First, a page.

“Healthcare is not the only service that has gone online during the pandemic and as a result, more and more companies are integrating virtual assistants to provide customers with a seamless online experience. This development has led to a growing trend in the conversational AI industry, especially personalized virtual assistants embedded in products, web applications and mobile apps.

The future could be meta

As Kaiser puts it, despite the fairly mundane use cases currently on the market, interaction with voice agents is a technology that will come into its own in the future.

Yes, it’s about time we mentioned that the Metaverse has the ability to change our lives in many ways – but some of the fundamental differences between the Metaverse and the Virtual Reality (VR) and Augmented Reality (AR) technologies that we now have are the interaction methods.

Output devices, such as keyboards and mice, will be obsolete in virtual worlds, allowing people to talk to agents as they travel through the environments they find themselves in.

“This year will be the year of metaverseness as giants like Meta, Baidu, Huyndai and LEGO take the field, and virtual assistants are likely to appear en masse,” says Kaiser. “It’s not just a choice of the entertainment industry, we can expect virtual offices for employees or customers in VR, populated with virtual characters.

“Going forward, I think all major developments in virtual assistants will be linked to trends in the metaverse and virtual characters. Emotion management in AI is one of the key trends of this year, as it allows us to make synthetic speech human, making virtual assistants sound more natural.”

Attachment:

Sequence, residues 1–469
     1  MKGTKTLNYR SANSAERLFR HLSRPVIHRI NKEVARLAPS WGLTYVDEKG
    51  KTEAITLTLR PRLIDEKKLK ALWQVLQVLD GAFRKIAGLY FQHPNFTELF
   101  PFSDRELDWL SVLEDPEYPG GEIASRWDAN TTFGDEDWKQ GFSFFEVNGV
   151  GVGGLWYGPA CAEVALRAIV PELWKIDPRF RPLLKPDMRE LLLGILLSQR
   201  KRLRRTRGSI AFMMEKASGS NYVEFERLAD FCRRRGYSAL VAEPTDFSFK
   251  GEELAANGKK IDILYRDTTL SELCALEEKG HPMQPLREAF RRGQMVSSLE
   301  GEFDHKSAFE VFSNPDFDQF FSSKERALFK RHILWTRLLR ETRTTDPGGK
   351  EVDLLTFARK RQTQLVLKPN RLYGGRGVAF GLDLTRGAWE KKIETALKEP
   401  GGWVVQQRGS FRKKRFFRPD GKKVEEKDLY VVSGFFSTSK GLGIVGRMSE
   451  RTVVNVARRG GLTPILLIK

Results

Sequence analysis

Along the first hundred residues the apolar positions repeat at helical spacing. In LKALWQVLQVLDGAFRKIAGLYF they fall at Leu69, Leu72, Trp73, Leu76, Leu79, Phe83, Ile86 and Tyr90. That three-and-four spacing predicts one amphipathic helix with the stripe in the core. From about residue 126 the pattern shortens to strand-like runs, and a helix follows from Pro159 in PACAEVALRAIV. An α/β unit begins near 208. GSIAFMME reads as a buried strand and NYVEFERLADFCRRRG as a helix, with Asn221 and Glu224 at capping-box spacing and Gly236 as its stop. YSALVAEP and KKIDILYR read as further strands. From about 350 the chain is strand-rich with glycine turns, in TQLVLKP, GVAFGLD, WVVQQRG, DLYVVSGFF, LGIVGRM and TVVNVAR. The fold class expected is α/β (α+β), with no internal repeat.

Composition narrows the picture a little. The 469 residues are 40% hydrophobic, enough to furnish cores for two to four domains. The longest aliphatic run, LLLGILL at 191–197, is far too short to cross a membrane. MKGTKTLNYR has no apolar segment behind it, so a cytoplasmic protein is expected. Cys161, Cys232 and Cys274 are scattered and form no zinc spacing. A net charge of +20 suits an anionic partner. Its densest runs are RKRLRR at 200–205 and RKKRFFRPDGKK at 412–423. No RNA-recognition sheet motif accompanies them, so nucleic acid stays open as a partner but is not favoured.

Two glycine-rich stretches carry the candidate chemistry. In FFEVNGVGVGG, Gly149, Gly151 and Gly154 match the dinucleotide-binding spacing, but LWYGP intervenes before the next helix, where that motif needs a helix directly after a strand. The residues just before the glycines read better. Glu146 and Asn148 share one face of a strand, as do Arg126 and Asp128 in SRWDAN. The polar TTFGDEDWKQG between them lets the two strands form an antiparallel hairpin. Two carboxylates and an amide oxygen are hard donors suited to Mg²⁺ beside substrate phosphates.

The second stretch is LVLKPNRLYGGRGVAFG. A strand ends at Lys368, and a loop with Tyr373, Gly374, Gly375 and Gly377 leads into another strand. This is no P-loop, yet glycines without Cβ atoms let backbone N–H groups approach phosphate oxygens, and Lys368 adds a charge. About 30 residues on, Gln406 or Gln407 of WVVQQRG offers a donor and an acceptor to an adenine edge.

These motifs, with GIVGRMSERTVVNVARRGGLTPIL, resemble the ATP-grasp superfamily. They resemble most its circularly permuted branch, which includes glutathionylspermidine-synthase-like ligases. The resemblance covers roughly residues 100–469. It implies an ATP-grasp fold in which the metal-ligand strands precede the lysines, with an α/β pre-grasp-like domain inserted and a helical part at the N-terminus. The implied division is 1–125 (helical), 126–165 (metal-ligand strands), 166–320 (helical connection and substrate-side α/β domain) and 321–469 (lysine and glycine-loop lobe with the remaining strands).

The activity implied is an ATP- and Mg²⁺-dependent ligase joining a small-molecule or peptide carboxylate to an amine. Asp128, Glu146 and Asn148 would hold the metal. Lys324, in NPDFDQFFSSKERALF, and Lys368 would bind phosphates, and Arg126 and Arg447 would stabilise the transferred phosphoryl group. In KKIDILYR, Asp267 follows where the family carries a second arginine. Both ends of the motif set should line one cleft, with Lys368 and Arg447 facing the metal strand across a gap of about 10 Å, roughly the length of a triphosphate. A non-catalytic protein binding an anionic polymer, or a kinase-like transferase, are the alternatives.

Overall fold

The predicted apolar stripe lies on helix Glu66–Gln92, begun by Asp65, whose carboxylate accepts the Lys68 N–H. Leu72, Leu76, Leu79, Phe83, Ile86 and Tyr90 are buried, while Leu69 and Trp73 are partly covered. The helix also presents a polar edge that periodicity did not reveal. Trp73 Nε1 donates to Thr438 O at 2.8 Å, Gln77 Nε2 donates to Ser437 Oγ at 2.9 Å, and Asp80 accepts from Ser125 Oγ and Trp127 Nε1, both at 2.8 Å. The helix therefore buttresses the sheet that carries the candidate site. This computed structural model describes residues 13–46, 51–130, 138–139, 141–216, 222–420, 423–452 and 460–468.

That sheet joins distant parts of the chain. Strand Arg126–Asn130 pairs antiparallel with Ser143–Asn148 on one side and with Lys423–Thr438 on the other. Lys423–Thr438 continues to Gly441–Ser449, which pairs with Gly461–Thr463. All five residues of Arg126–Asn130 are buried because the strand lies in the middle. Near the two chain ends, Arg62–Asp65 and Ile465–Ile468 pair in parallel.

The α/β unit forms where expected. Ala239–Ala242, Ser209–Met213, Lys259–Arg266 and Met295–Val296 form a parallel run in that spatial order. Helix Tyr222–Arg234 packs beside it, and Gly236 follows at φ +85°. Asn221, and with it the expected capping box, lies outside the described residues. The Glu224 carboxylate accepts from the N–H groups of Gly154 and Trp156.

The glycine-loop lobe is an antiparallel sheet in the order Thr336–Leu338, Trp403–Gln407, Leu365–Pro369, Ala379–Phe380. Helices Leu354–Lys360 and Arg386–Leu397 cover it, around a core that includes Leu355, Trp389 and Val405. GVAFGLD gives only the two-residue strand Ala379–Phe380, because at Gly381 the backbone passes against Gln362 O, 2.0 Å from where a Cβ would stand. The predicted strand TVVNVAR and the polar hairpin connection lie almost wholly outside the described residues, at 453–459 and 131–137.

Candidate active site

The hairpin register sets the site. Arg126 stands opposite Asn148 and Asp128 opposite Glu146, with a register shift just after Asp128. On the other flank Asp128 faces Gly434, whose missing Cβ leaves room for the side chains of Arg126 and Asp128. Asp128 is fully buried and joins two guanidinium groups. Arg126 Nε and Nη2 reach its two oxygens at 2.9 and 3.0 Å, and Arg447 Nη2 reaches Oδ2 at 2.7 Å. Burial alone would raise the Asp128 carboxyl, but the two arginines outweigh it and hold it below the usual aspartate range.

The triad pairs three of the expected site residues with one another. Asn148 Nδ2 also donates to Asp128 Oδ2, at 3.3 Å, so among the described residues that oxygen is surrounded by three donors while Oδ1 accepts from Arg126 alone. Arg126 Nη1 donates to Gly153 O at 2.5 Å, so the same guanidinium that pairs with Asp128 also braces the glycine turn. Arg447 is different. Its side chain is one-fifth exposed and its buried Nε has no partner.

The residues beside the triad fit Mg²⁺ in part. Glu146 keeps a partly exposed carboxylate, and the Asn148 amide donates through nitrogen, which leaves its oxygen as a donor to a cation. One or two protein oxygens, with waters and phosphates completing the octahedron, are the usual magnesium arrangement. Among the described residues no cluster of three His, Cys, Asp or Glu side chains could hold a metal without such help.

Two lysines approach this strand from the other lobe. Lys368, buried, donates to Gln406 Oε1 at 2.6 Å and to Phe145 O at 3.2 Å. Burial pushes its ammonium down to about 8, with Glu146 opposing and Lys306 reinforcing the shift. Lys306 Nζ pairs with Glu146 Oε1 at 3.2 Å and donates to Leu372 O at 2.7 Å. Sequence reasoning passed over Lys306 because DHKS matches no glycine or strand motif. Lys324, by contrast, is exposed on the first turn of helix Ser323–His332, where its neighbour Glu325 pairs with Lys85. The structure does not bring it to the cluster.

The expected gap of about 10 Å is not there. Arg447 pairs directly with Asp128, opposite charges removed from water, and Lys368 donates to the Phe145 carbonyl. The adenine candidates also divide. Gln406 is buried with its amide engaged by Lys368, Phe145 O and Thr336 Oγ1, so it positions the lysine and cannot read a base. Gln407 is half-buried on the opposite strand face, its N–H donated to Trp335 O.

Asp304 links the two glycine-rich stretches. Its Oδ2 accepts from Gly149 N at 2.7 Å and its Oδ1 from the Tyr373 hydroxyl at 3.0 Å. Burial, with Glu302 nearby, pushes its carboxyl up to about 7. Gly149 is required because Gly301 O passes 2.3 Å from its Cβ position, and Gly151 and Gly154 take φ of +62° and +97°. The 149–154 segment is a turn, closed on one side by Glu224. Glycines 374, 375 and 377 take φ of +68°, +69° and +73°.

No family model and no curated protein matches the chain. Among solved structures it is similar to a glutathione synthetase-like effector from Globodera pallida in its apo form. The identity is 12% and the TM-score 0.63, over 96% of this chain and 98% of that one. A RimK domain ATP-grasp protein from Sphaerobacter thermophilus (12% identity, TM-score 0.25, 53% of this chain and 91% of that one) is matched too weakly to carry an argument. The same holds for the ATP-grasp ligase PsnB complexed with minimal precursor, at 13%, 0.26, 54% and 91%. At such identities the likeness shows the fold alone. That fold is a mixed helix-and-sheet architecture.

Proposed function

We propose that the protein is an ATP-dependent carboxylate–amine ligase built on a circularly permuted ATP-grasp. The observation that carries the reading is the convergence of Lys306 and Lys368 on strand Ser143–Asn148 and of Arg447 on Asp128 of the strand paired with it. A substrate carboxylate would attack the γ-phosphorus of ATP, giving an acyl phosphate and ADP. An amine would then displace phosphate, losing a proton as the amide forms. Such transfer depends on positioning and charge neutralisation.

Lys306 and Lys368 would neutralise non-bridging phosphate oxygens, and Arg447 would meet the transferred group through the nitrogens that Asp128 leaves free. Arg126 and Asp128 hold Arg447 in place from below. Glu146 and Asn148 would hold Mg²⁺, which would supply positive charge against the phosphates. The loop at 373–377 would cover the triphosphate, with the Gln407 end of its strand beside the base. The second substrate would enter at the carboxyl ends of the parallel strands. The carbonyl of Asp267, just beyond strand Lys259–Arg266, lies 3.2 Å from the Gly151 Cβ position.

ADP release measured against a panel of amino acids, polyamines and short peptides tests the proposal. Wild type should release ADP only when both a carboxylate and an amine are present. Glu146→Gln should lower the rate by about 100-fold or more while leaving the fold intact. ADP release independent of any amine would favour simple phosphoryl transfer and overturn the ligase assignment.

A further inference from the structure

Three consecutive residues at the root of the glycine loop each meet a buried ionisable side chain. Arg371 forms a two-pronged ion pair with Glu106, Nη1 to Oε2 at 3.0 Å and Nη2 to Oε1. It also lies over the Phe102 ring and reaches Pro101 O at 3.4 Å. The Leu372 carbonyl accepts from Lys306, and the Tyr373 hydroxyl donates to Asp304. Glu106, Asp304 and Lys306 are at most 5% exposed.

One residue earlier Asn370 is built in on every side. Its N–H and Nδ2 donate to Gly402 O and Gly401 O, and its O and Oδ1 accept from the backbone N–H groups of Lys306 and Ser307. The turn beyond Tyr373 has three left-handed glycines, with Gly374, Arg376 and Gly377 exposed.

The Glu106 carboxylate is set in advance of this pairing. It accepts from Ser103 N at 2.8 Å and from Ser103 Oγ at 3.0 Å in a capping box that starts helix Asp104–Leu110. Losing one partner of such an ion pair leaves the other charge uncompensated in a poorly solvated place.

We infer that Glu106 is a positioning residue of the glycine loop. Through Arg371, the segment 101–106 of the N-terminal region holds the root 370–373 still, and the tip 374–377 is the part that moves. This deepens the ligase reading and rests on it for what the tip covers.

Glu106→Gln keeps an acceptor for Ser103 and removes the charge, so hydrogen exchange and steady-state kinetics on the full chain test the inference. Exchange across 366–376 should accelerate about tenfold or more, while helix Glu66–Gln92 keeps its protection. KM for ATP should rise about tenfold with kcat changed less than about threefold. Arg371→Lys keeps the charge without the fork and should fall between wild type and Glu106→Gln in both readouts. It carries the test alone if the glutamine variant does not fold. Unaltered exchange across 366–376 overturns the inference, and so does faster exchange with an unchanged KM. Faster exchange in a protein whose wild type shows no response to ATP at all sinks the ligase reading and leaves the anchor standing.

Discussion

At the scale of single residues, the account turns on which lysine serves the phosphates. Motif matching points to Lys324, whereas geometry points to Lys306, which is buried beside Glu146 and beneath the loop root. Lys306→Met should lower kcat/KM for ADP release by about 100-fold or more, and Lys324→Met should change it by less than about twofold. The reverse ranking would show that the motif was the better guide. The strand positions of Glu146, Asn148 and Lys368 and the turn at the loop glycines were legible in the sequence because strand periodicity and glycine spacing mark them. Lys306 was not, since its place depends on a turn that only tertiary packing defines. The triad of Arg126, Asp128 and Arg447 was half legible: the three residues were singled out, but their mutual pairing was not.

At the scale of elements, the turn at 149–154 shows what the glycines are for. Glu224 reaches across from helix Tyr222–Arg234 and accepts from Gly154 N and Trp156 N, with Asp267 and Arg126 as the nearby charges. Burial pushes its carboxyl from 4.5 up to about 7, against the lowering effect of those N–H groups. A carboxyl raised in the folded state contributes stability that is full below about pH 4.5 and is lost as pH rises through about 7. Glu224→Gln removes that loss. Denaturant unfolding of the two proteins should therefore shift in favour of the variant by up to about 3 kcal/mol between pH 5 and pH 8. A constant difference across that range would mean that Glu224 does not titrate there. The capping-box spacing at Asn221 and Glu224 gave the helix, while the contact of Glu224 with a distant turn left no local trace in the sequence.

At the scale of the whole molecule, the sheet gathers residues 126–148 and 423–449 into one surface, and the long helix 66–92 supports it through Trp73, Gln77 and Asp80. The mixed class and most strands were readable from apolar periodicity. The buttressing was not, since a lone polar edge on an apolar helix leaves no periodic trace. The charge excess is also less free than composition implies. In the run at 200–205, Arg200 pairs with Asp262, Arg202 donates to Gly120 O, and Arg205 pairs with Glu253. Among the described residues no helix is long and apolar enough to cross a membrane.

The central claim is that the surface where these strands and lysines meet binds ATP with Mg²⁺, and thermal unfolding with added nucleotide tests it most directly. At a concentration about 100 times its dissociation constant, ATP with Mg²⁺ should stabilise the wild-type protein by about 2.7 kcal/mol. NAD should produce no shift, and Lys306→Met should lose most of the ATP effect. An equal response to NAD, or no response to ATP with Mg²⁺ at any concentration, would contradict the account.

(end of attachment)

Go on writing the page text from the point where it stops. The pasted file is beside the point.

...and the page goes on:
Cheesewirght agrees, adding that virtual assistants will be an essential vehicle in which the metaverse will be delivered. “Voice empowers the user interface to make AR useful and not a flood of pop-ups or even trying to mimic the smartphone experience on glasses.

“There is going to be a shift where most people will spend ten hours a day in mixed reality. In this context, speech starts to become much more useful, both in a consumer context and in a professional context, because when your main interface is not a keyboard and mouse, and your personal AI is learning from you, you know, it can be of great help and even decisions take for you.

“Voice is a natural interface, and if you always have headphones or glasses on, you can have that subtle private conversation with your virtual assistant. I think the voice becomes much more important then. For example, there are now problems to overcome with virtual assistants, even with ten years of evolution in micro-arrays, interpretation and algorithms, there are still huge problems with understanding. But when the mic is physically connected to your head, clarity, understanding and usability should be much better.